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For the second year in a row, the Raiders started out hot and looked to be in the hunt for the playoffs. And for the second year in a row, a late-season swoon knocked them out of it. The Raiders couldn’t win big games down the stretch, finishing 8-8 for the season and coming up just short. The question is whether the Raiders can finally get over that last hurdle and make the playoff field in 2021.
It was a quiet and interesting off-season for the Raiders, which saw a number of veterans head out. 2020’s leading receiver, Nelson Agholor, signed with the Patriots, while veteran Tyrell Williams went to Detroit. Devontae Booker signed with the Giants, while tackle Trent Brown was dealt back to the New England Patriots. In turn, the Raiders made a few free agent signings to fill holes that didn’t pan out. Safety Karl Joseph and receiver John Brown were brought in to fill some gaps, but both were released when the final roster was constructed on Tuesday.
The team did add to its running back room, signing veteran Kenyan Drake to a two-year, $11 million deal. Drake was RB16 in 2020, rushing for 955 yards and 10 touchdowns on 239 carries with the Cardinals. He’s been a pass-catching weapon in the pass, and it stands to reason he’ll help fill that role with the Raiders. The Raiders also signed veteran receiver Willie Snead and veteran cornerback Casey Hayward. Perhaps the biggest signing was snagging former Ravens’ defensive end Yannick Ngakoue, who should bolster the team’s pass rush.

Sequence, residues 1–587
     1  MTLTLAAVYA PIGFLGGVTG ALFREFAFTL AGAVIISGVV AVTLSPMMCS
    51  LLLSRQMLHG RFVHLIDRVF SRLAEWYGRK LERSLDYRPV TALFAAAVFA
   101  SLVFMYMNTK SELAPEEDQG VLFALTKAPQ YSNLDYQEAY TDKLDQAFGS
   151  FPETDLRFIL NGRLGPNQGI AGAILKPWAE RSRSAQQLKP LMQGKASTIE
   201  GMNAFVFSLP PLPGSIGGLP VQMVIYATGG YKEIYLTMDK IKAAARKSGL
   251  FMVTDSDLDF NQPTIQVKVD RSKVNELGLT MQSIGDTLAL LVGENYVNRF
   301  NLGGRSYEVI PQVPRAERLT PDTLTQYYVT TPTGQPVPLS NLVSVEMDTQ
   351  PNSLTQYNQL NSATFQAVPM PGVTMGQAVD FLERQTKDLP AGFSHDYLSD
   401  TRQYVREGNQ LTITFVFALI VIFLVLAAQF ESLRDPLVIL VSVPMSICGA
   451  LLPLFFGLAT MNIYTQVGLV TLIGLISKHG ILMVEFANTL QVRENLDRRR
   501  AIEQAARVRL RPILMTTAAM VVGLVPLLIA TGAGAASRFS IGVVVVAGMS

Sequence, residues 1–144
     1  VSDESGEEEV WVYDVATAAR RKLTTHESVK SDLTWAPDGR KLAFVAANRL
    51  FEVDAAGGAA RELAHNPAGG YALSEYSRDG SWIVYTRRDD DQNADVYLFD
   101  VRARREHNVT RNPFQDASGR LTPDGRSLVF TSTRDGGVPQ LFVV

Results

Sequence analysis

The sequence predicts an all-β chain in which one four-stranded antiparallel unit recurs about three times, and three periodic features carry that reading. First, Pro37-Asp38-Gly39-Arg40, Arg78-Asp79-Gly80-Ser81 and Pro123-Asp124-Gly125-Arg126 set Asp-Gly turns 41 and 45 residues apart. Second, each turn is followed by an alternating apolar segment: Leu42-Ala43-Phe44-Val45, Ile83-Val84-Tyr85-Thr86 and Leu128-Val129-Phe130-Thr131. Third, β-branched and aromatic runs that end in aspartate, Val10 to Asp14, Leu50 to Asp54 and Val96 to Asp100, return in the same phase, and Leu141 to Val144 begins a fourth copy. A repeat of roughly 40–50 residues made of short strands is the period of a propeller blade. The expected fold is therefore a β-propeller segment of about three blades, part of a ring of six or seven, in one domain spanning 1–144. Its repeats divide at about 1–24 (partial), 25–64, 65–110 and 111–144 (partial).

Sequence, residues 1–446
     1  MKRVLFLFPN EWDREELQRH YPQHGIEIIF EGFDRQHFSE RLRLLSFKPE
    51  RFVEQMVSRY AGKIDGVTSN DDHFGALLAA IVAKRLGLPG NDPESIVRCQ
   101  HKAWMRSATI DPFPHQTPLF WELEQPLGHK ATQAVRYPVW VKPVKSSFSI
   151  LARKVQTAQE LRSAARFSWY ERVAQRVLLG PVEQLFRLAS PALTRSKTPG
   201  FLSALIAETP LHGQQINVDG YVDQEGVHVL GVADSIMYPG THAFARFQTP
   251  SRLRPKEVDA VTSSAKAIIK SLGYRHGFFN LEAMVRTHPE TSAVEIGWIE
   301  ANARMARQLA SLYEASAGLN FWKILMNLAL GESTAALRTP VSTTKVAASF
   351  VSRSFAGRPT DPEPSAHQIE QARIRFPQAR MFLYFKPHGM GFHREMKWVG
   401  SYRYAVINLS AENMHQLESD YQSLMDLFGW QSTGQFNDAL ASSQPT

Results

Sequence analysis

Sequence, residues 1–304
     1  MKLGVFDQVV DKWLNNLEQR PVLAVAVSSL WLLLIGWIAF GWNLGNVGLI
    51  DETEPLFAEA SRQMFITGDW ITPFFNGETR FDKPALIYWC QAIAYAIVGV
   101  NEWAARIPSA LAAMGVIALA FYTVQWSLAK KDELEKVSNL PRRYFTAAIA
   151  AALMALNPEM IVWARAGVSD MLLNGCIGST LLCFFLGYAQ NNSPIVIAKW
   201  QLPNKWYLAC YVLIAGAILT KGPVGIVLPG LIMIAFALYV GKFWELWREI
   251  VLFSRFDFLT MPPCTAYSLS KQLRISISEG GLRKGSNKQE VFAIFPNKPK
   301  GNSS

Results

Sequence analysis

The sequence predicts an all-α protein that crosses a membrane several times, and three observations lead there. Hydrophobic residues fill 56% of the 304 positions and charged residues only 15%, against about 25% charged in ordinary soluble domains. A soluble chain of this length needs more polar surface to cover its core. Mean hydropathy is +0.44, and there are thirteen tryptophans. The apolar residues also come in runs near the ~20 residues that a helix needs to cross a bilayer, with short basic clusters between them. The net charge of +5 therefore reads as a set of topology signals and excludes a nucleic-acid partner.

In the draft, the Raiders addressed areas of need. In the First Round, the team grabbed Alabama lineman Alex Leatherwood to help with the reshaping of the men up front on offense. In the Second Round, the Raiders snagged safety Trevon Moehrig from TCU.
Derek Carr is back and the man at quarterback. He’s an under-rated fantasy asset, finishing as QB13 in 2020. He figures to be a solid QB2 in 2021 as well, while Marcus Mariota remains one of the more appealing backup quarterback options in the league. In the backfield, the primary players are Drake and third year back Josh Jacobs. Jacobs finished as RB8 last season, but with Drake in town it’s more likely a split of some kind. I like Jacobs as an RB2 while Drake ends up in the RB3/4 range.
The more interesting question is the passing game. Prior to Tuesday, I thought Brown would play a significant role. In his absence, the Raiders have five receivers on the roster—second year pros Henry Ruggs III and Bryan Edwards, along with veterans Snead, Zay Jones and Hunter Renfrow. It seems like the table is set for a decent year-two jump for both Ruggs and Edwards, who’ve drawn positive reports from camp. Last year Agholor was the top receiver, finishing as WR34 while Renfrow finished as WR59. So, there’s a chance the top receiver for the Raiders can leap into WR3 range. My gut says Edwards is the top guy, finishing more in the 40-50 range, with Ruggs taking a small step up into WR5/6 range.
The Raiders’ best weapon is tight end Darren Waller. He finished as TE2 in 2020 and figures to be a lock for Top 3 at the position in 2021 if he stays healthy. He functions as the Raiders’ top receiver and is one of the best passing weapons in the league.
The Raiders have been making small steps forward each of the past few seasons. The AFC West is loaded with the Broncos, Chargers and Chiefs all having talented rosters, while the Raiders remain a bit of a mystery. Still, the core of the talent is solid and the defense seems poised to take a small step forward. I think the incremental journey continues as the Raiders get to nine wins, but probably just miss out on the post-season.
Matthew Fox is a graduate of the Radio, Television and Film program at Biola University, and a giant nerd. He spends his free time watching movies, TV, and obsessing about football. He is a member of the FSWA. You can find him @knighthawk7734 on Twitter and as co-host of the Fantasy Football Roundtable Podcast.